Couple says collection firms kept hassling them

By Kelly Holleran | May 14, 2009

CLARKSBURG – A Taylor County couple claim Chrysler Financial and two collection agencies continued to hassle them after they paid off their debt.

Betty and Richard Stevens filed a lawsuit against Chrysler Financial, MRS Associates and SRA Associates on March 20 in Taylor Circuit Court. The case was removed to federal court on April 24.

But the case against SRA could be dismissed if the company gets its way.

In the original Taylor Circuit Court complaint, the Stevens say they paid in full a prior loan made to them on Feb. 22, 2008.

However, after the Stevens paid off the debt, Chrysler Financial sent them a letter dated Feb. 22, 2008, saying they still owed $2,675.22. The couple received yet another letter in the mail dated June 23, 2008, in which Chrysler claimed they owed $1,120.20 on their previous debt, the complaint says.

Finally, on July 5, Chrysler wrote the Stevens a third letter stating their debt had been reduced to $0, the suit states.

On July 22, the Stevens advised Chrysler they were represented by an attorney regarding the debt, according to court records.

Chrysler handed the debt matter over to SRA, who sent the Stevens another letter dated July 25 demanding payment of $1,120.20. On Aug. 4, SRA called the Stevens in regards to the alleged debt, according to the complaint.

After SRA's attempts to collect the supposed debt, Chrysler turned to MRS for help in the matter, the Stevens say.

In an attempt to collect the $1,120.20 worth of debt, MRS sent a letter dated Dec. 19 to the Stevens. It called them once on Jan. 9 and three times on Jan. 10 with the same intent, according to the complaint.

The Stevens say Chrysler misrepresented a debt, which is a violation of West Virginia code.

The couple claims MRS and SRA should not have contacted them because the companies should have known they were represented by a lawyer. To contact someone who is represented by a lawyer is a violation of the West Virginia Consumer Credit and Protection Act and the Fair Debt Collection and Practices Act, according to the complaint.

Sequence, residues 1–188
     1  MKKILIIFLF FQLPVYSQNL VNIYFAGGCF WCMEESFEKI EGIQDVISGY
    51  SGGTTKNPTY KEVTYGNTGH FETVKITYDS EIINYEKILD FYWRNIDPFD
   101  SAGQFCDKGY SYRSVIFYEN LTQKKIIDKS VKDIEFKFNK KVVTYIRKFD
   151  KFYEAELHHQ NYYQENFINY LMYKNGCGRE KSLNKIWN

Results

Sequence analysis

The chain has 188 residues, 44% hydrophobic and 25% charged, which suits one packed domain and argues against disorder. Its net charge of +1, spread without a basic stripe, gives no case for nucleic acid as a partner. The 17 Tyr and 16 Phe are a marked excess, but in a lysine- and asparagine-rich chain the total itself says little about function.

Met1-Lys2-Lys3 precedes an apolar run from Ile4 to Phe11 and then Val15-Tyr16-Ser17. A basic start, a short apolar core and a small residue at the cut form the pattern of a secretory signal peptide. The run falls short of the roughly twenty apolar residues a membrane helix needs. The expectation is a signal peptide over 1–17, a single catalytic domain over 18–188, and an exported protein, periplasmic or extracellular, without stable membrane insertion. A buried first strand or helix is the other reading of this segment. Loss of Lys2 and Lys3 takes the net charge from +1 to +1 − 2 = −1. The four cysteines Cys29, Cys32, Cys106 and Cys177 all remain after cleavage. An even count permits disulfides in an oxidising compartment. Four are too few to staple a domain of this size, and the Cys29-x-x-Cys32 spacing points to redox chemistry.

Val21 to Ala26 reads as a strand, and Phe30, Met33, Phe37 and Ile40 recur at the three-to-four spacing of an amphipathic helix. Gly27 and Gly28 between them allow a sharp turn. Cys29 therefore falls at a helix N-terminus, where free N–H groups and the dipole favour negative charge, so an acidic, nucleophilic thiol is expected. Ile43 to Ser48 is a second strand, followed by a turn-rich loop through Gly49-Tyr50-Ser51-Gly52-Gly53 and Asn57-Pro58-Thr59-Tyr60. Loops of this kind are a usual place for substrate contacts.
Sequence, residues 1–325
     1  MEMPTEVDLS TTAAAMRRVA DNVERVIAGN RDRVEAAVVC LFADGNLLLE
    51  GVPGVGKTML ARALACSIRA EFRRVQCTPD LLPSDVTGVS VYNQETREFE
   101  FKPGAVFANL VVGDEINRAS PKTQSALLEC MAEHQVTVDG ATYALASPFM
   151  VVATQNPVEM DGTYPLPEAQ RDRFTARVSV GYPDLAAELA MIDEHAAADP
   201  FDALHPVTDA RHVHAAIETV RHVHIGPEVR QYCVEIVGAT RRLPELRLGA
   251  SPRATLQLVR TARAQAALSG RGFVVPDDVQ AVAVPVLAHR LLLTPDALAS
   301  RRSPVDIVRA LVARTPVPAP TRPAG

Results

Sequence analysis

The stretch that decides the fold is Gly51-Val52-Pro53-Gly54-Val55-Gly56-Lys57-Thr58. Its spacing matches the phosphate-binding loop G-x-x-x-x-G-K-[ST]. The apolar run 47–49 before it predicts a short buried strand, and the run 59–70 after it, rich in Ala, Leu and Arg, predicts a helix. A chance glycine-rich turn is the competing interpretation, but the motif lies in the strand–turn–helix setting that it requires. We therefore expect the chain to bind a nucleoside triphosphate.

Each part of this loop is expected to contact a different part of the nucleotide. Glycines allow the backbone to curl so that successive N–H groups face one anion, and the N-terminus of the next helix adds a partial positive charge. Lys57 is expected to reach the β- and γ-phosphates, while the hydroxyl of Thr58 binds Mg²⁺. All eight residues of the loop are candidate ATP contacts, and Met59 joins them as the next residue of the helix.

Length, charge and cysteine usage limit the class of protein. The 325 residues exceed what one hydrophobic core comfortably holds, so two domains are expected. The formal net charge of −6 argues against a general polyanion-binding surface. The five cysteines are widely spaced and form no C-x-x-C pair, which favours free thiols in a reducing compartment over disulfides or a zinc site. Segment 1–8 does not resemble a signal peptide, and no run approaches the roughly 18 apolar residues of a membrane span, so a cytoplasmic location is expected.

However, SRA contends the complaint should be dismissed because the Stevens fail to state a claim upon which relief can be granted.

SRA says it did not violate any acts because it was not aware the Stevens were represented by an attorney. The couple only told Chrysler, they say.

"Plaintiffs nowhere plead that SRA itself knew that Plaintiffs were represented by counsel when SRA allegedly contacted Plaintiffs," the suit states. "Thus, Plaintiffs have not alleged the factual predicate necessary to state their claims against SRA under the FDCPA and WVCCPA."

In the five-count suit, the Stevens are seeking damages of $1,000 for each violation of the West Virginia Consumer Credit and Protection Act and an additional $1,000 for each violation of the Fair Debt Collection and Practices Act and forgiveness of any debt they owe to Chrysler, plus costs, attorney's fees and other relief to which they may be entitled.

SRA removed the case to federal court because it involves federal questions that should be answered in a federal jurisdiction, the company says.

Julie Gower Romain of Fairmont will be representing the Stevens.

Christopher B. Denson and Aimee N. Daugherty of Steptoe and Johnson in Clarksburg will be representing SRA.

U.S. Federal Court case number: 1:09-CV-53

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